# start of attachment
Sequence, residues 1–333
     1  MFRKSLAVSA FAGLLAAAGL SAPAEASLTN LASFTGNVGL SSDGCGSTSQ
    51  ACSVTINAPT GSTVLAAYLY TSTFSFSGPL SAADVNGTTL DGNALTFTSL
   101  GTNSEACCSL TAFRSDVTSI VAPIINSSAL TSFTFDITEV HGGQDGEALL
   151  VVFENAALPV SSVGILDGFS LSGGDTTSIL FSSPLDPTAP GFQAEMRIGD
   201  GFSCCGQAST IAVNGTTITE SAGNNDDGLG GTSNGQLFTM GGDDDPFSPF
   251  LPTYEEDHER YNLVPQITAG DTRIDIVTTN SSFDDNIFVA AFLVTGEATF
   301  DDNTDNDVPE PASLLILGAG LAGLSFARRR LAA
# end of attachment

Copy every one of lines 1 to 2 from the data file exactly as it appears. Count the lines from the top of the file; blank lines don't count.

Sequence, residues 1–333
     1  MFRKSLAVSA FAGLLAAAGL SAPAEASLTN LASFTGNVGL SSDGCGSTSQ